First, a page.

Enumeration of collective dwellings

A collective dwelling refers to a dwelling of a communal, institutional or commercial nature. There are different types of collective dwellings, depending on the types of services provided. The type of collective dwelling determined how it was enumerated.

Collective dwelling enumeration was conducted from May 2 to June 3, 2016. The enumeration of all types of collective dwellings followed the same general procedures regardless of whether they were in an MO or L/L area, with field staff ensuring that each usual resident was enumerated.

For 2016, there were four main types of enumeration procedures covering the different types of collective dwellings.

(1) Administrative records and/or an interview with the collective dwelling census contact or an administrator, for institutional collective dwellings

This approach was used in hospitals, shelters, nursing homes and/or residences for senior citizens and correctional or custodial facilities. Enumerators obtained mandatory data by accessing administrative records. If administrative data were not available, then for nursing homes and/or residences for senior citizens, enumerators may have interviewed residents using Form 2A and Form 3A for live-in employees or employees' family members.

(2) Canvasser for lodging and rooming houses

For lodging and rooming houses, enumerators completed the questionnaire (Form 3A) with each resident with a face-to-face interview.

(3) Self-enumeration for religious establishments and Hutterite colonies

For religious establishments such as convents, monasteries or seminaries and Hutterite colonies, enumerators left the questionnaire (Form 2A) with a collective dwelling census contact for distribution to residents, then arranged pickup of the completed questionnaires.

(4) Usual resident (UR) count only

For some collective types, the census collected only a count of usual residents (UR). This was used in establishments with temporary accommodation services such as hotels, campgrounds, YMCA or hostels and other establishments such as school residences, military bases, work camps or vessels.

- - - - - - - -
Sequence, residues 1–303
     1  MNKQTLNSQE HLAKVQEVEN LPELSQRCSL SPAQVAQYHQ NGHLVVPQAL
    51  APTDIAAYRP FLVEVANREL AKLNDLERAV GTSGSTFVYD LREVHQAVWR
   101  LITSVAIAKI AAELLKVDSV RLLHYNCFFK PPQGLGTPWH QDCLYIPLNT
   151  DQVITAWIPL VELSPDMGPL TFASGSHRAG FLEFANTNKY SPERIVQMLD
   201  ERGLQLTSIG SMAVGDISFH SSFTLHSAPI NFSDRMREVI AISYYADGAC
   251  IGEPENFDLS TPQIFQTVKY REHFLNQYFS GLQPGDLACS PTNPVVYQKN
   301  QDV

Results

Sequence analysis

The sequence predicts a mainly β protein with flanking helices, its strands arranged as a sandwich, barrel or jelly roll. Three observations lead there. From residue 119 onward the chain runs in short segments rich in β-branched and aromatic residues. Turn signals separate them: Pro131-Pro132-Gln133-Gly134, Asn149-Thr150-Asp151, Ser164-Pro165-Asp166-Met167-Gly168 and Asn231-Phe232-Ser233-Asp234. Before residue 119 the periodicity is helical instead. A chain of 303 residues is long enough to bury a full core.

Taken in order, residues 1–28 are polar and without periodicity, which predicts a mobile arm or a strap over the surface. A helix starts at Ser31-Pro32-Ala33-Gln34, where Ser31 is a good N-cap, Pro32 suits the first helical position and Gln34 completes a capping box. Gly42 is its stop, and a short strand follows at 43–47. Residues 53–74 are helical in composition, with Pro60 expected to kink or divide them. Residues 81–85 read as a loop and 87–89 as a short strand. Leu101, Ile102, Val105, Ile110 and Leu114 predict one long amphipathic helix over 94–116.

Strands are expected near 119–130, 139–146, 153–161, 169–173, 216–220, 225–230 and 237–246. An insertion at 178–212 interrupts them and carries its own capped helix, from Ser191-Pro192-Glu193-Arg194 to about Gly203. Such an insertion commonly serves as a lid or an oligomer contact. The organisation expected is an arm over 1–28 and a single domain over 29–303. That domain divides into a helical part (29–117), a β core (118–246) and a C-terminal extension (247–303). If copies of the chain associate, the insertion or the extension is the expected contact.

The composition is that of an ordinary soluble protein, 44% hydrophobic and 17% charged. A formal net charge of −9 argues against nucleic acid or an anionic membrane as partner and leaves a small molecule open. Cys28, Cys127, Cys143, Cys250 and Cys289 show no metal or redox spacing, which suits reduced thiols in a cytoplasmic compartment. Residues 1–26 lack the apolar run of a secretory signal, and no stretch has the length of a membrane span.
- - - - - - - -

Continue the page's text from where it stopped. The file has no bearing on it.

Enumeration of residents outside Canada

To enumerate Canadian residents posted outside Canada, Form 2C was used (see Chapter 5).

Census Help Line

The Census Help Line (CHL), a free, nationwide, multilingual service, was available to all respondents. The toll-free number was printed on the census questionnaire and guide, and advertised in all census communications materials.

Data collection verification and follow-up activities for the 2016 Census

Apartment occupancy verification (AOV) – The purpose of the AOV is to be able to verify the occupancy status of all units in an apartment building through one management contact. Pre-contact is done to collect contact information for large apartment buildings. This verification can only be done for units in buildings with contact information. It is an important exercise as it helps to produce a more accurate status of occupancy for these types of dwellings and to reduce the workload of the census non-response follow-up (NRFU) activity. AOV was conducted from Statistics Canada regional offices from March 1 to 31, 2016.

Dwelling occupancy verification (DOV) – The status of dwelling occupancy was verified immediately prior to non-response follow-up (NRFU) in MO areas. Dwelling occupancy verification (DOV) was conducted from May 20 to 27, 2016, to identify as many unoccupied dwellings as possible, close to Census Day, in order to remove these dwellings from the NRFU workload. The accuracy of the unoccupied status is higher if identified closer to Census Day, May 10, 2016. This operation is independent from AOV described above.

Non-response follow-up (NRFU) – The purpose of NRFU was to obtain a completed questionnaire from all households that did not return a questionnaire. This was the final collection activity in MO and L/L areas. Follow-up was first done by telephone when numbers were available. If a completed questionnaire could not be obtained by telephone, personal visits were conducted until a completed questionnaire was obtained. In L/L areas, follow-up was generally conducted from May 20 to July 15, 2016, and in the MO areas from June 1 to July 31, 2016. NRFU was not conducted in areas of early enumeration and canvasser areas, as completeness was verified during the enumeration process.

Failed edit follow-up (FEFU) was a process through which follow-ups were made on selected dwellings to resolve missing and incomplete responses on the census short-form questions. FEFU was conducted from Statistics Canada regional offices for those questionnaires received at the Data Operations Centre (DOC) that were identified as having failed edits because they were missing information. It was primarily focussed on cases with potential household composition issues. FEFU was conducted from May 10 to August 14, 2016.